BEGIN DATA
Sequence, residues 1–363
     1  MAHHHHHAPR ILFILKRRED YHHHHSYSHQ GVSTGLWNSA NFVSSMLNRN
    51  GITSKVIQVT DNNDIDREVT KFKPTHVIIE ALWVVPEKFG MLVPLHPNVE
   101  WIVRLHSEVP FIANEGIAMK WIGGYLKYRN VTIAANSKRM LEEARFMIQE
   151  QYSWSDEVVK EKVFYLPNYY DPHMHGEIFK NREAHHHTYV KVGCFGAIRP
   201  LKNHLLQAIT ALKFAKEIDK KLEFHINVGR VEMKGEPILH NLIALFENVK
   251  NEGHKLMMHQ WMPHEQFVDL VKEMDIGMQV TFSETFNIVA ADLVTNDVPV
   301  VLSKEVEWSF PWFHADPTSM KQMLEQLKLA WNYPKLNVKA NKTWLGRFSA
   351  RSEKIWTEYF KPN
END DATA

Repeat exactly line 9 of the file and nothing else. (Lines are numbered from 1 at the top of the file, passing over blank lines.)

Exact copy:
   351  RSEKIWTEYF KPN